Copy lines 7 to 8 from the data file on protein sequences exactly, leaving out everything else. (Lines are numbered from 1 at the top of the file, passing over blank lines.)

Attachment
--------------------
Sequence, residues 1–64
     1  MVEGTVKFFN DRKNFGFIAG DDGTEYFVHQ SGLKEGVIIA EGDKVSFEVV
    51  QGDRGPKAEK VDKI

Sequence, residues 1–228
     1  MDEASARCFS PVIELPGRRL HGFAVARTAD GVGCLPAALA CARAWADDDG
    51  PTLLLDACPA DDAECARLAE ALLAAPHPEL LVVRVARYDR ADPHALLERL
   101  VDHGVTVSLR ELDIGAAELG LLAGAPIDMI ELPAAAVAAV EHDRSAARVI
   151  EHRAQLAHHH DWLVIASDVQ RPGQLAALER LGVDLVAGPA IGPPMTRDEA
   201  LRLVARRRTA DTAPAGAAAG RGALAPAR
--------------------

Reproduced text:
   101  VDHGVTVSLR ELDIGAAELG LLAGAPIDMI ELPAAAVAAV EHDRSAARVI
   151  EHRAQLAHHH DWLVIASDVQ RPGQLAALER LGVDLVAGPA IGPPMTRDEA